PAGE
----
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NHSE: 1,300 pharmacy sites are providing Covid booster jabs

Ed Waller, the director for primary care strategy and NHS contracts, has said 1,300 pharmacy Covid vaccination sites in England are delivering booster jabs in England and insisted that number will increase.

Mr Waller told the Pharmacy Show on Monday that the number of pharmacies involved in the roll-out of Covid vaccines overall has “ramped up massively”. His comments followed uncertainty over how many pharmacies that applied to take part in phase three of the vaccination programme were accepted and how many rejected.

Pharmacies in some parts of the country have reportedly experienced difficulties getting involved in the booster programme. NHS England and Improvement did not respond when asked by Independent Community Pharmacist how many pharmacies had successfully applied and how many were turned down, but Mr Waller at least appeared to provide an answer to how many pharmacies had been accepted.

“There are 1,300 sites now. The ongoing configuration of where we’ll deliver vaccination has shifted. When we started, there were just a couple of hundred pharmacies. The number of pharmacies involved has ramped up massively," he said.

“That will continue to change as a function of where people want to get vaccinated, where we’ve got the capacity. That number will probably only go up.”

Mr Waller also said there were a number of incentives in place to persuade GPs to refer more patients to community pharmacies through the community pharmacist consultation service. Just 13,000 patients from 280 practices were referred to pharmacies through the GP CPCS between October 2020 and May this year.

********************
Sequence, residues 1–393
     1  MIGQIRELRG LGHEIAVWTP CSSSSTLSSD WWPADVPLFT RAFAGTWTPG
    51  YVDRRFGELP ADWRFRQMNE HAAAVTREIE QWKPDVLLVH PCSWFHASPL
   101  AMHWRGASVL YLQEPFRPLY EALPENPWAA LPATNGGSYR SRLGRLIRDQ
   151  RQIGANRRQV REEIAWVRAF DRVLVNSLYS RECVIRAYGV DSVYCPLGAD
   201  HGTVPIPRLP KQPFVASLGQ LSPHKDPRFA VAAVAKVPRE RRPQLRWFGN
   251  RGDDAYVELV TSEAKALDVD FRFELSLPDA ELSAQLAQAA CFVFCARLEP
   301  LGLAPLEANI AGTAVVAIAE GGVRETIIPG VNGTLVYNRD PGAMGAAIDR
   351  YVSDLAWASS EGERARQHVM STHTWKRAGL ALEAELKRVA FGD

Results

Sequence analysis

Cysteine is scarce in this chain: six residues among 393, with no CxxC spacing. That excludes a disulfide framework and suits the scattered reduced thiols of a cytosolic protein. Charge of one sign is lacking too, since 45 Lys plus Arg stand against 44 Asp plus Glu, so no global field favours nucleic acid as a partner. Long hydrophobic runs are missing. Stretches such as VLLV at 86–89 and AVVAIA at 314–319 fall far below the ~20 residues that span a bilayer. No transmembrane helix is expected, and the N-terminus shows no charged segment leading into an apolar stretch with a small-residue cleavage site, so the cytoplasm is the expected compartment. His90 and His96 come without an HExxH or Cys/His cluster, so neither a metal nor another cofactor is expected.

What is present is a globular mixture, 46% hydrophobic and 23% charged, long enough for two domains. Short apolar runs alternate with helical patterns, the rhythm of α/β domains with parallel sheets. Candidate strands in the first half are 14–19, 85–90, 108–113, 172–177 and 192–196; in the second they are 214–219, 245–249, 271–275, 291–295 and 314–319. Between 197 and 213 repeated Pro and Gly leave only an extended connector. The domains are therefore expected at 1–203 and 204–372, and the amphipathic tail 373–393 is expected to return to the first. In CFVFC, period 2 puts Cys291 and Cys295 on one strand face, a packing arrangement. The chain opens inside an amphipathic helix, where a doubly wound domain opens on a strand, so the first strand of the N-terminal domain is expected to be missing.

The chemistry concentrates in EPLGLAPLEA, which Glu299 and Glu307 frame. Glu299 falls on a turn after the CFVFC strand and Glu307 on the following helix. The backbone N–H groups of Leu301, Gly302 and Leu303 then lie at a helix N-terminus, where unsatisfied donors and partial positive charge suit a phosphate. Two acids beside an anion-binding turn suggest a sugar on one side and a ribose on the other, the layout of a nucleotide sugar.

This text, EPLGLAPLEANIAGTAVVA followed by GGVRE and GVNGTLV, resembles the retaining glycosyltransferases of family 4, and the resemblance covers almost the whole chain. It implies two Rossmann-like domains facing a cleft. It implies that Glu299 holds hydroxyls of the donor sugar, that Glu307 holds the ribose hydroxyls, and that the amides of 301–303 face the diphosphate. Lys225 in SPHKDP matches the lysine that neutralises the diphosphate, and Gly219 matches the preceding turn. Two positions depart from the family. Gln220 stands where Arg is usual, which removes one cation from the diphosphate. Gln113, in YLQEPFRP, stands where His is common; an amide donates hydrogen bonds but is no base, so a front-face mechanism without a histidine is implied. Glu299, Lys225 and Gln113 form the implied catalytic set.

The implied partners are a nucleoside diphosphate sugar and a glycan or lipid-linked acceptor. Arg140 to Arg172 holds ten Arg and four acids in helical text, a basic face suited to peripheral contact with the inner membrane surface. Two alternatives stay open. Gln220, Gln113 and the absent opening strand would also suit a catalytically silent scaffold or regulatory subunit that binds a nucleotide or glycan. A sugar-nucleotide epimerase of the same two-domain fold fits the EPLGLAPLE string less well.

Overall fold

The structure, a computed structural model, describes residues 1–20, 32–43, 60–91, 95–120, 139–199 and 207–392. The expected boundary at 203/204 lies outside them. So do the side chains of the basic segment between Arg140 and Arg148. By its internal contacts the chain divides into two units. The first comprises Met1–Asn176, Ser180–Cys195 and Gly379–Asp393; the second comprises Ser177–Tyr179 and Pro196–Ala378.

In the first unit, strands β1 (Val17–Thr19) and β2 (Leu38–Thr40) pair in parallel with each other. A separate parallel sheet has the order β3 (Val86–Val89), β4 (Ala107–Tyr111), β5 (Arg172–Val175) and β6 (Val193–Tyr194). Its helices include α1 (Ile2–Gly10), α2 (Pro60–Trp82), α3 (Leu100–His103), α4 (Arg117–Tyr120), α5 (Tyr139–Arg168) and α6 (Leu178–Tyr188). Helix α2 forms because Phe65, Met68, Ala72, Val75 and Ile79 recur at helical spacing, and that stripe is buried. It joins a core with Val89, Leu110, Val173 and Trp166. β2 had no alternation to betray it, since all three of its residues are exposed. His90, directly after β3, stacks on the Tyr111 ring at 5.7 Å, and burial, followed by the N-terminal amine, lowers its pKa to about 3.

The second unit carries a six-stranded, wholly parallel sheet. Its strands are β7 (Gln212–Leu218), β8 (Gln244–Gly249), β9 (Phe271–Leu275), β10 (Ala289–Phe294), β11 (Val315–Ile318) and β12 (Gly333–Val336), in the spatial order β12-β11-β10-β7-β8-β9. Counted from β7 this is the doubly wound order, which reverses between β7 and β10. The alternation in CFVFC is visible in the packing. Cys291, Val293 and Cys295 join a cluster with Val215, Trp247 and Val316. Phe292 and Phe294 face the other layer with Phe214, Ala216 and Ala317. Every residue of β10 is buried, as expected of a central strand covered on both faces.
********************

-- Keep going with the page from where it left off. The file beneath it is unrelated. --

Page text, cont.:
Mr Waller said the primary care network contract “has something akin to” the pharmacy quality scheme known as the investment and impact fund which this year incentivises GPs to engage with pharmacies “to make a plan to increase CPCS referrals.”

'Number of reasons' for poor CPCS numbers

He also said the government’s £250m winter access package announced last week to help practices improve their availability to patients came with “a very clear statement that that was dependent on people engaging” with the GP CPCS.

“I think it is fair to say there haven’t been as many referrals as anyone would like. I think there’s a number of reasons for that,” he said.

“First, it was launched right in the middle of the second wave over the autumn into last year. I’m not sure that was the best moment but we thought, on balance, it was best to start.

“It wasn’t the best moment for a lot of people to spend a lot of time implementing something. That is part of the reason why we have agreed to put more resources into exactly that, into connecting with every practice and making sure they understand the opportunity and to make sure we increase those numbers of referrals.”

Mr Waller, however, said that “in some of the best practices, you’re talking about 50-plus patients a week sent to community pharmacy” and insisted if that can be replicated more widely, “there’s an awful lot of potential there.”




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